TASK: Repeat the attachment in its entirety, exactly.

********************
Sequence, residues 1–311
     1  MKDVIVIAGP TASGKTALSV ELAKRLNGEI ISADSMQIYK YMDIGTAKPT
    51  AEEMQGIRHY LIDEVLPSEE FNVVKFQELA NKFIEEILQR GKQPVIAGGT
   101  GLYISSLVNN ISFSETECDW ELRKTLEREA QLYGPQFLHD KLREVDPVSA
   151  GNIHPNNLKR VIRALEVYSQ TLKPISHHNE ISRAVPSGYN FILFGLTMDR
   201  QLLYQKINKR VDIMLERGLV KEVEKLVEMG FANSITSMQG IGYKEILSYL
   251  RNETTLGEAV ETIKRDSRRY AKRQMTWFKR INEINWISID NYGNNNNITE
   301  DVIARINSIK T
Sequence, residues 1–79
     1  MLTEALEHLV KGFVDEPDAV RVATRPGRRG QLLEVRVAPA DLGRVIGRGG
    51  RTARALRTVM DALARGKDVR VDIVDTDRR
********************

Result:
Sequence, residues 1–311
     1  MKDVIVIAGP TASGKTALSV ELAKRLNGEI ISADSMQIYK YMDIGTAKPT
    51  AEEMQGIRHY LIDEVLPSEE FNVVKFQELA NKFIEEILQR GKQPVIAGGT
   101  GLYISSLVNN ISFSETECDW ELRKTLEREA QLYGPQFLHD KLREVDPVSA
   151  GNIHPNNLKR VIRALEVYSQ TLKPISHHNE ISRAVPSGYN FILFGLTMDR
   201  QLLYQKINKR VDIMLERGLV KEVEKLVEMG FANSITSMQG IGYKEILSYL
   251  RNETTLGEAV ETIKRDSRRY AKRQMTWFKR INEINWISID NYGNNNNITE
   301  DVIARINSIK T
Sequence, residues 1–79
     1  MLTEALEHLV KGFVDEPDAV RVATRPGRRG QLLEVRVAPA DLGRVIGRGG
    51  RTARALRTVM DALARGKDVR VDIVDTDRR